Released: Dec 21, 2012
Genre: Screamo, Post-Hardcore, Experimental Rock, Progressive Metal, Sludge Metal, Emoviolence
Label: Gatepost Recordings
Number Of Tracks: 9
It is a super cathartic release, and not really a record you put on just for fun. It is a record that one has to actively listen to in order to fully appreciate.
Decompositions: Volume Number One
Jessica-Lyn, on january 22, 2013 1 of 1 people found this review helpful
Sound: "Decompositions: Volume Number One" is a very dense record. It is a super cathartic release, and not really a record you put on just for fun. It is a record that one has to actively listen to in order to fully appreciate.
As they are wont to do, Circle Takes The Square are all over the map with influences. There is metal, screamo, powerviolence, and even a little indie folk influences throughout. This much going on at once would be f--king disastrous in the hands of a lesser band. People generally use the term "atmospheric" to describe mellow, ambient things. This is an atmospheric record, but that atmosphere is more apocalyptic than calming. // 5
Lyrics and Singing: Nine songs blast through in about 56 minutes. There are some sparse moments. Album opener, "Enter By The Narrow Gates", starts with about a minute of chanting. The remainder of it's almost seven minute run time is spent building to the release that is the second cut, "Spirit Narrative". And, when it explodes, it f--king makes it count. It is a slow burn, but it keeps your attention. Once your work yourself into the record, it is business as usual. Business as usual for this band is not such a simple business.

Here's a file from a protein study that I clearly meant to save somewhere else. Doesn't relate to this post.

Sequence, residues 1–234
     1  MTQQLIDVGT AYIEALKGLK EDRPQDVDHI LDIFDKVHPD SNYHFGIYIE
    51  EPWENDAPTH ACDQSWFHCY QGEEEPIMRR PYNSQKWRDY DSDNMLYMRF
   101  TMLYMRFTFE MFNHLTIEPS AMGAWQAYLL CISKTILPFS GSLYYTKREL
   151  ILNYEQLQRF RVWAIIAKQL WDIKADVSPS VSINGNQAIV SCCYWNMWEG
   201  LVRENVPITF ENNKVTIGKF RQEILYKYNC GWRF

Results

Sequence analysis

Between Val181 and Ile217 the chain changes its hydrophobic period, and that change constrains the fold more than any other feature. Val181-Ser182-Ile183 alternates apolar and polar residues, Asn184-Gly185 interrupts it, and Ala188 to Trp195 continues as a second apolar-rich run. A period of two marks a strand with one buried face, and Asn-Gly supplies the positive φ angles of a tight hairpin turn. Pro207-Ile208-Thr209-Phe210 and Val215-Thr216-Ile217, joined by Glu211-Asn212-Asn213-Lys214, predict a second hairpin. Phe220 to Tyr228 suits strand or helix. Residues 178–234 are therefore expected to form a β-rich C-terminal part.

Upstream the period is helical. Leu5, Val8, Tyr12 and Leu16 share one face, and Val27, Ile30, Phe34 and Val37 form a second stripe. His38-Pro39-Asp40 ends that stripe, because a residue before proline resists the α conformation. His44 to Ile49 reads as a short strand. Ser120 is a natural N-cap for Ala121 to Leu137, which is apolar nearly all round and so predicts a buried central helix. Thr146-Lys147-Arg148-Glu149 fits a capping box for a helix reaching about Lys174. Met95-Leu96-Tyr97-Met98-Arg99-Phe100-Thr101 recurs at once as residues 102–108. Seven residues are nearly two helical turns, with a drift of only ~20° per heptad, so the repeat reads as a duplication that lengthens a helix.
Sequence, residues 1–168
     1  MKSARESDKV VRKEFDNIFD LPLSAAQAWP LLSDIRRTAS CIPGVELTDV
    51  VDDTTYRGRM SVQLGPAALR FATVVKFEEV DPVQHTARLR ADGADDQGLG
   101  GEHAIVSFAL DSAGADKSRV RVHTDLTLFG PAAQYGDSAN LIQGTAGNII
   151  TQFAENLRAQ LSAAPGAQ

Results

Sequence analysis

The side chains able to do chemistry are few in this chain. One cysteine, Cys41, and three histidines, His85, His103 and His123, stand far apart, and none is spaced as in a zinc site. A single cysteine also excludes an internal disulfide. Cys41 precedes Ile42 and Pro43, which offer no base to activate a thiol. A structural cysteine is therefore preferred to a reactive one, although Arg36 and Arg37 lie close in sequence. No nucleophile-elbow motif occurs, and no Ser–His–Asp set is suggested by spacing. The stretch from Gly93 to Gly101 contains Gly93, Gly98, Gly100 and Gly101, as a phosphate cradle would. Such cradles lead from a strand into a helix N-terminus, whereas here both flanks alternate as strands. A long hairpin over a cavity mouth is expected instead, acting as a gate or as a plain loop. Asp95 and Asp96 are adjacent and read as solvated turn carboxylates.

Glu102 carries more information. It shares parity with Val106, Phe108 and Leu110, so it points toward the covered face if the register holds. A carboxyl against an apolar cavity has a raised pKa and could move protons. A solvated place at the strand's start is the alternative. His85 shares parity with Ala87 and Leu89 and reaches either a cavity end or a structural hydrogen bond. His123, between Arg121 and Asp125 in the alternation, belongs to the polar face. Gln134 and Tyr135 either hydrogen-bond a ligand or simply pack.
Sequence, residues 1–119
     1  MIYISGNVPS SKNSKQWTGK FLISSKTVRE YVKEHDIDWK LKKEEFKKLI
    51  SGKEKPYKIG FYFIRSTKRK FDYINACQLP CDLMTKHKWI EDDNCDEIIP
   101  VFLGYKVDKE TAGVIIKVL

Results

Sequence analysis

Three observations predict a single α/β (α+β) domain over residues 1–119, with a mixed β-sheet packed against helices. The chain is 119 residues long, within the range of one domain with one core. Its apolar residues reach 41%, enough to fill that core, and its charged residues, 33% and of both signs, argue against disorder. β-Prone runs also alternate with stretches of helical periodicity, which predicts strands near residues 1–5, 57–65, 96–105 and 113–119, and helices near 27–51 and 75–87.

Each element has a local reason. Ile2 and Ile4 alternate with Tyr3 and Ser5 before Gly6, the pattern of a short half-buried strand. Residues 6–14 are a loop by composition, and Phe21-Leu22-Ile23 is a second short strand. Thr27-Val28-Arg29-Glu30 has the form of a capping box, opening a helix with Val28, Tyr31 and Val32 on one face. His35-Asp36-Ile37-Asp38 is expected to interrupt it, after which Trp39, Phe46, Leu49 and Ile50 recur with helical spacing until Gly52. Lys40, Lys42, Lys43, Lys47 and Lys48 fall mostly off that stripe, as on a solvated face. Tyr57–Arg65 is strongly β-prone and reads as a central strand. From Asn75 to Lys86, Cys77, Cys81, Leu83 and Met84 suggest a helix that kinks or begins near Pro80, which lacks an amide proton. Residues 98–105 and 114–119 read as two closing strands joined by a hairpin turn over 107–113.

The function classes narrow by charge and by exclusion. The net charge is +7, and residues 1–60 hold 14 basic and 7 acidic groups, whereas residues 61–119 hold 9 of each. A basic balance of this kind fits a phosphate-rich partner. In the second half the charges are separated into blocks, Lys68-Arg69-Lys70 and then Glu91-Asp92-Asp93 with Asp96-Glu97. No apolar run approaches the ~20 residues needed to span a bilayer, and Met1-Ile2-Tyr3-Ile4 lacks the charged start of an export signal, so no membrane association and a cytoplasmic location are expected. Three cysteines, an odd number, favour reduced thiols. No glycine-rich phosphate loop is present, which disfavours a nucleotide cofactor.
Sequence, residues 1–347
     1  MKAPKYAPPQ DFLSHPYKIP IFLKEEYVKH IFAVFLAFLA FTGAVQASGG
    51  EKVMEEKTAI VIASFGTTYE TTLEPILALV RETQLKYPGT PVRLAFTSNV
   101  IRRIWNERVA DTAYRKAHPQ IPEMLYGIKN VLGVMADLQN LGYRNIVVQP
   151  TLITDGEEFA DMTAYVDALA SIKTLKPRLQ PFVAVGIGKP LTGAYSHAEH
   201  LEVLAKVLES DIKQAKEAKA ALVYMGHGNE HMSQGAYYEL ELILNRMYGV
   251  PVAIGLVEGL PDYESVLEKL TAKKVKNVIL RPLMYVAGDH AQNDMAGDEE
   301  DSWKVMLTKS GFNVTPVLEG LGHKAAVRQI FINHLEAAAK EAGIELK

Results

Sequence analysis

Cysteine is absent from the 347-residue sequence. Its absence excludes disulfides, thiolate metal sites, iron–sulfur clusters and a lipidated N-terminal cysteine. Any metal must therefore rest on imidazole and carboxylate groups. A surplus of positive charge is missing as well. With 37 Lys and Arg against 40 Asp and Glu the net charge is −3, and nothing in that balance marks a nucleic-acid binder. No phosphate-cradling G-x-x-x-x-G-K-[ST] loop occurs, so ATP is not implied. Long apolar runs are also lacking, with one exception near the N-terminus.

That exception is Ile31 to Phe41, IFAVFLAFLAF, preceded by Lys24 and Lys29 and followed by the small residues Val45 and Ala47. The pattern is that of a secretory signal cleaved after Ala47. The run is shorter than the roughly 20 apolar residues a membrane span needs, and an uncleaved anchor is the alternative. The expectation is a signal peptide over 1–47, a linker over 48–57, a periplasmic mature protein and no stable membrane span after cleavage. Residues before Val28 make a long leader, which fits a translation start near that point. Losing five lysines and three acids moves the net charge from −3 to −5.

The thing that sold me on Circle Takes The Square was the chaotic nature of their records. It would go from calm to full on chaos multiple times within a song. It can make things a little disjointed at time, but it keeps you involved. That is the only problem I have with this record. Everything seems more calculated. Nothing on this record feels very spontaneous. All the slow parts are where you expect them to be. It ebbs and flows in a way that would be comfortable in any other record, but seems out of place on a full length from this band. This isn't a knock on the band, as this record is still amazingly engrossing. The problem is that they are so honed and aware of what they are doing that nothing stands out above all else. The record starts really strong. With the exception of album closer, "North Star, Inverted", the bottom half of the record is a little less strong. However, that f--king closer is one of the best things this band has done.
Pushing 11 minutes, "North Star, Inverted" is beautiful. It's probably the one song off of this album that I memorized the lyrics to. It starts with a building drum, into a post-hardcore guitar part. Everything is generally what you expect, and then it throws a curve ball. Two minute and 15 seconds in, you get a very calm acoustic guitar lead. It is basically a perfect song, and I have to say that the lines:
"The future can't sleep,
It doesn't need to,
It dreams standing up like the statues
In the gardens we'll pass through-
Past the guardians at the gatepost,
The Light: how it gives and it takes."
They are just beautiful in every single way. I didn't take the time to go through each lyric from each song with you because your overall impression of the songs will obviously be different from mine - but to me, all of their lyrics on this album are perfect. // 7
Impression: To wrap this overly long review up, this record is great. I can see why it took them 8 years to come out with a new album. They simply waited for the right ideas to come along and all blend smoothly together. While it is lacking some of the exuberance of "As The Roots Undo", it still f--king kills it. I didn't even need to write this review, as anyone who is a believer in this band has already checked it out anyway.
If you haven't heard of this band or album before, I recommend taking a listen to "North Star, Inverted". You won't be disappointed.